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Clinical validation of an electronic hand hygiene surveillance system
Critical Care volume 19, Article number: P84 (2015)
Good hand hygiene (HH) is critical to infection control in the ICU. Electronic HH surveillance systems are purported to improve HH practices. Such a system was recently trialed in our ICU. The system is based on radiofrequency transponders in three locations: bracelets worn by ICU personnel; on all HH product dispensers; and above each patient's bed. By correlating input from these three sources the system detects whether HH was performed before and after each patient contact. In the event that HH is not performed, the bracelet alerts the user (by vibration) in real time. This study represents a clinical validation of the system.
ICU staff (nurses and physicians) were followed by a trained observer over 60-minute periods. Each movement and contact during the period was documented. HH opportunities were determined according to WHO criteria and actual HH performance recorded. Observer and electronic data were compared for number of opportunities, HH performance and compliance. A satisfaction questionnaire was distributed to all users. Paired Student's t test was used for comparison of the observer and electronic data.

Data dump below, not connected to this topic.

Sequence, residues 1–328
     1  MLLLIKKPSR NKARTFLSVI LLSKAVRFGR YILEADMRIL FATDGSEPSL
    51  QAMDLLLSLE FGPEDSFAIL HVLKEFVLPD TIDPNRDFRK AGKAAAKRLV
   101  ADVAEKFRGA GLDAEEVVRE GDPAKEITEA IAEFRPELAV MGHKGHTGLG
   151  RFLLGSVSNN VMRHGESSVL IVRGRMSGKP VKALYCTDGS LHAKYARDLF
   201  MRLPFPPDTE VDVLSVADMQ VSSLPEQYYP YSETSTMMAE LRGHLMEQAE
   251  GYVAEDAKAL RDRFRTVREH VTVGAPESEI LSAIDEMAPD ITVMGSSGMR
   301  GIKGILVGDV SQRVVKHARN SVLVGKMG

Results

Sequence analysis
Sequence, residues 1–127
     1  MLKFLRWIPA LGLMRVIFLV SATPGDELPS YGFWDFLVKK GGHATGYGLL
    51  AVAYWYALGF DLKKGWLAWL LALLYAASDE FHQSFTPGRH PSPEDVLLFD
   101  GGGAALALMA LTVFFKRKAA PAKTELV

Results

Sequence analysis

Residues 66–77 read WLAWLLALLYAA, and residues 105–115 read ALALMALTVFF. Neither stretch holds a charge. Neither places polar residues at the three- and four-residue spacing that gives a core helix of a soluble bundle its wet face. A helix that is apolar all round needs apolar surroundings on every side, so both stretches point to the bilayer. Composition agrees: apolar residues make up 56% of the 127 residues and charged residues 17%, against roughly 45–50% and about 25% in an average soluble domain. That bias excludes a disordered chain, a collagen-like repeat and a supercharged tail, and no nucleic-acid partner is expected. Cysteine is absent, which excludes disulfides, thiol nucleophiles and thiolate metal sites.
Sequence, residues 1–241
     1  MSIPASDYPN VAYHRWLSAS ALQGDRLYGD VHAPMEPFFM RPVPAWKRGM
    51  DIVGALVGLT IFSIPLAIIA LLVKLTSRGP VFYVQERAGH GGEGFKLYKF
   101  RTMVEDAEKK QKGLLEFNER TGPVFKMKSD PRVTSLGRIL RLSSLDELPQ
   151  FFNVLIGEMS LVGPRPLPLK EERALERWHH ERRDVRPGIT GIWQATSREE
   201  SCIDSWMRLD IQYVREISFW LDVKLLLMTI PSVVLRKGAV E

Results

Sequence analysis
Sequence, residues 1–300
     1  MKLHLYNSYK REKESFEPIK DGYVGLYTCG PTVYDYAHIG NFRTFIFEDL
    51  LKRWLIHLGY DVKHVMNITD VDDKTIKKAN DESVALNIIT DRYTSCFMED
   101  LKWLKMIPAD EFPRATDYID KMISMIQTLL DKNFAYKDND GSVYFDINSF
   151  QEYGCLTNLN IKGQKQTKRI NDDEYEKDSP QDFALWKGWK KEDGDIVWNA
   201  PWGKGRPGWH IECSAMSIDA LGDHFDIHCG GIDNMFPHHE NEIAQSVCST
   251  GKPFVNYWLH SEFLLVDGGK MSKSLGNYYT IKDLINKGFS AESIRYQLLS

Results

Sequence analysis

Observations were made over 56 time periods that included 836 HH opportunities and 485 occasions when HH was performed. The observer recorded 10.9 ± 7.6 HH opportunities/hour compared with 6.8 ± 6.9 for the electronic system (P < 0.001). HH performance occurred on 8.7 ± 3.9 occasions/hour versus 6.0 ± 3.1 occasions/hour as recorded by the electronic system (P < 0.001). Overall HH compliance was 62.5 ± 17.7% versus 57.5 ± 21.0% respectively (P = 0.523). On comparison of specific observation periods, there was poor correlation between compliance as recorded by the observer and electronic system (r = 0.03, P = 0.915). Satisfaction questionnaires were completed by 41 personnel. Satisfaction with the system was low or very low for 21/41 (61%). System inaccuracy (either bracelet alerts without cause, or lack of bracelet alerts when HH was required) was the most common reason for dissatisfaction (31/41, 76%), followed by physical discomfort from the bracelet (18/41, 44%).
The electronic HH system consistently underestimated both HH opportunities and HH performance. The main reason for dissatisfaction with the system was inaccuracy of bracelet alerts. These data suggest that for an electronic system to be accepted by ICU staff, it has to be highly accurate and comfortable for the user.
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Levin, P., Razon, R., Cohen, M. et al. Clinical validation of an electronic hand hygiene surveillance system. Crit Care 19 (Suppl 1), P84 (2015). https://doi.org/10.1186/cc14164
- Electronic System
- Hand Hygiene
- Clinical Validation
- Satisfaction Questionnaire
- Hand Hygiene Compliance